Net income + Interest expense + Taxes + Depreciation + Amortization
EBITDA is a subset of the net income information presented in a company's income statement, and is designed for three purposes:
- To yield a rough estimate of a company's cash flow from operations
- To provide a basis for comparison between different companies that strip away financing and non-cash items
- To provide an estimate of the funds available to pay for debt
Unfortunately, it has also been used by companies experiencing net losses, so that they can point toward a different performance figure that shows a positive gain.
EBITDA is a non-GAAP measurement. That is, its use is not specifically authorized anywhere in GAAP.
The interest and tax line items that are excluded from the measure are not directly related to company operations, while the depreciation and amortization line items are non-cash items.
Of the four items that are excluded from the EBITDA measure, the two most critical are depreciation and amortization, since these can be extremely large numbers in capital-intensive industries, or in cases where a company has acquired a large amount of intangible assets and must amortize them. The interest line item is usually a considerably smaller figure, except in debt-heavy situations.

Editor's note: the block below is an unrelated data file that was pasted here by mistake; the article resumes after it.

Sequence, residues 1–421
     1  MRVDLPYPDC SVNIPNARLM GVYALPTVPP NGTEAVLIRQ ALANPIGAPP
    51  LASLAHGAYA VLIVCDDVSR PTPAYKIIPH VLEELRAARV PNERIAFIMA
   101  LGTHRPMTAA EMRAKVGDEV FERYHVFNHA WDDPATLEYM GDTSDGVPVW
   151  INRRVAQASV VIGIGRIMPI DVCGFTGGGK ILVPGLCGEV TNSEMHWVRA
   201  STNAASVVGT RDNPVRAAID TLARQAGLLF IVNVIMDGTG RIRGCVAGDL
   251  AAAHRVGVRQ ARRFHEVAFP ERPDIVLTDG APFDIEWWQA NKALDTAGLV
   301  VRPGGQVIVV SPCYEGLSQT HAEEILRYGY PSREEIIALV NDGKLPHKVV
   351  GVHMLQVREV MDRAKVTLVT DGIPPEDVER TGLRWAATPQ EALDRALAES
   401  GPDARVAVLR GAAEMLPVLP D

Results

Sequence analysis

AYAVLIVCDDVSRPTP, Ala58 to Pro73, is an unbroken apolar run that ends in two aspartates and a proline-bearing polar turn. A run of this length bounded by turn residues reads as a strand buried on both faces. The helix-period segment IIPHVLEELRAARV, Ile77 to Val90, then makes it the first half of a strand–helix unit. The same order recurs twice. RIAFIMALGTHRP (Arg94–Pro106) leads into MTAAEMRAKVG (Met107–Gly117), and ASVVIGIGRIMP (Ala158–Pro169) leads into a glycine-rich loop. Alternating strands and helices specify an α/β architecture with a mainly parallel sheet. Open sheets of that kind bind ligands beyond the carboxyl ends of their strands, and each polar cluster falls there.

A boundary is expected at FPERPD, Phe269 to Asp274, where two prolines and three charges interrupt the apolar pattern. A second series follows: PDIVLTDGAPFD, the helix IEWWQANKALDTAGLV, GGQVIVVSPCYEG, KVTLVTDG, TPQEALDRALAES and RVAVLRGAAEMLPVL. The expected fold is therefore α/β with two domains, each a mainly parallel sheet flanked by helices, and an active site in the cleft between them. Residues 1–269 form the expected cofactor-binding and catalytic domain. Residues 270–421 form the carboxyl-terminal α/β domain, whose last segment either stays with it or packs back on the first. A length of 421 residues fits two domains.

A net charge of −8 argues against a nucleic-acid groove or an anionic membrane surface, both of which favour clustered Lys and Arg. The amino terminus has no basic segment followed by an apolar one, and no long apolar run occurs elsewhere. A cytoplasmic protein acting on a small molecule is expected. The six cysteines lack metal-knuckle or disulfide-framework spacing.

The EBITDA measure is only an approximation of company cash flow, since it incorporates revenue and expense accruals that do not reflect actual cash flows, and does not factor in any fixed asset expenditures. For a more precise view of cash flow, you should instead use the statement of cash flows, which defines the sources and uses of funds in some detail.
The EBITDA measure should only be used in conjunction with the net income figure, since EBITDA can give the impression that a company is highly profitable, when in fact the net income figure may be a loss.
In short, EBITDA is a moderately useful, quick-and-easy measure that is a general indicator of a company's operational results. However, you should only use it in conjunction with a company's full set of financial statements.